A song of love vs. a cacophony of hate—all in a beautiful model of bookmaking.

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LOVING VS. VIRGINIA

A DOCUMENTARY NOVEL OF THE LANDMARK CIVIL RIGHTS CASE

A powerful and riveting account of an American couple in love when that love was ruled illegal in many American states.

In the early 1950s a boy and a girl in rural Virginia fell in love and got married. Her family was “descended / from African slaves. / And their owners.” He was white. Their love was scorned and against the law in their state. The couple, Mildred and Richard Loving, alternate and sometimes join together to tell their stories in beautifully rendered free verse. Love, children, marriage, jail, flight to Washington, D.C., long court battles, and final unanimous vindication in 1967 from the Warren Supreme Court fill the pages, detailing every particle of their strong feelings for each other and the equally strong bigotry of the local sheriff and state judicial system. Full-page photographs of school segregation and civil rights demonstrations clearly set the time frame. Excerpts from court decisions, period headlines, and quotations from Dr. King strengthen the learning curve for readers. Strickland’s blue-, gray-, and yellow-toned illustrations have a strong retro feel and tenderly reinforce the written words.

A song of love vs. a cacophony of hate—all in a beautiful model of bookmaking. (timeline, bibliography, credits and sources) (Historical verse fiction. 11-18)

Pub Date: Jan. 31, 2017

ISBN: 978-1-4521-2590-9

Page Count: 260

Publisher: Chronicle

Review Posted Online: Oct. 19, 2016

Kirkus Reviews Issue: Nov. 1, 2016

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A remarkably insightful, profoundly moving story of fraternal interdependence and unconditional love.

VINCENT AND THEO

THE VAN GOGH BROTHERS

As she did in Charles and Emma (2009), her biography of the Darwins, Heiligman renders a nuanced portrait of the complex, devoted, and enduring relationship between the Van Gogh brothers.

Though Vincent and Theo unmistakably looked like brothers, they could not have been more opposite in habits and temperament; still, they pledged to each other as teenagers “to keep the bond between them strong and intimate.” Heiligman explains: “They will be more than brothers, more than friends. They will be companions in the search for meaning in life and meaning in art….And they will, when needed, carry each other’s parcels.” She reveals their unfailing devotion to this pledge by drawing on the hundreds of letters they exchanged in their tragically short lifetimes, quoting extensively and adeptly integrating them into the narrative. She frames the story of their relationship as a series of gallery exhibits (introducing each with a black-and-white reproduction of a representative piece) and varies her writing style to reflect Vincent’s work in different media such as sketching, drawing, and painting. Some depictions are vivid and richly textured, like Vincent’s oil paintings, while others are lean and sharp, like his sketches and drawings. Her exegesis of a lesser-known painting, The Laakmolen near The Hague (The Windmill), which she sees as essential to understanding the brothers’ relationship, features typically painstaking description and analysis. It and several others are reproduced in a full-color insert (not seen for review).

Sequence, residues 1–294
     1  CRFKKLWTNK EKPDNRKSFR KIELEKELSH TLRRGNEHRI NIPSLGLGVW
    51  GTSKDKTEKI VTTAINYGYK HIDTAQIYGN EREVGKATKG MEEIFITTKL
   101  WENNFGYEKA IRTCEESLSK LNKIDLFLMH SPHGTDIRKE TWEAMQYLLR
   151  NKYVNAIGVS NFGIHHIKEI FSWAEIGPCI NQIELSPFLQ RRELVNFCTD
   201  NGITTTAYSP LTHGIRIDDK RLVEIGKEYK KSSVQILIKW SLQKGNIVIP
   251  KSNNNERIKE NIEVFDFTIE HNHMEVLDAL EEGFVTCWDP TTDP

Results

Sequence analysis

A remarkably insightful, profoundly moving story of fraternal interdependence and unconditional love. (timeline, author’s note, biography, source notes, index) (Biography. 14-18)

Pub Date: April 18, 2017

ISBN: 978-0-8050-9339-1

Page Count: 464

Publisher: Henry Holt

Review Posted Online: Feb. 4, 2017

Kirkus Reviews Issue: Feb. 15, 2017

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Unapologetically searing and catastrophically truthful, a reminder to readers that it demands much to meet harsh realities...

SOLDIER BOY

Spanning the conflict-laden years of Uganda’s recent history, this debut novel–meets-biography is based on the true story of a former enslaved child soldier who escaped and found his own salvation in providing sanctuary for children who suffered a similar fate.

Ricky Richard Anywar was abducted as a child soldier in 1989 to fight for the Lord’s Resistance Army, led by the infamous fugitive war criminal Joseph Kony, as continuing legacies of political corruption and economic instability set Uganda on a dark path to civil war. This powerful novel, which features scenes of sheer horror, does not depend on readers’ ability to decipher the overwhelming structural factors that have thrown Ricky’s Uganda into violent chaos. Rather, it is most significantly a story that stands up for the unrelenting power of the human spirit to reject evil, the nigh-impossible odds that must be conquered to escape enslavement, and the deep scars that remain for a lifetime. In 2006, Samuel, a composite character representative of the thousands of children helped by Anywar’s acclaimed Friends of Orphans charity, gives voice to this intimate process of recovery. Interleaved chapters tell Ricky’s story from 1989 to 1992. Through Ricky’s story, Samuel can find himself home again, before he was a rebel and a soldier, before he was a victim and an orphan, to the time when he “was a student and classmate. A cousin and friend. A brother and son.”

Unapologetically searing and catastrophically truthful, a reminder to readers that it demands much to meet harsh realities with impossible courage. (afterword) (Historical fiction. 13-18)

Pub Date: June 13, 2017

ISBN: 978-0-374-30563-5

Page Count: 336

Publisher: Farrar, Straus and Giroux

Review Posted Online: March 20, 2017

Kirkus Reviews Issue: April 1, 2017

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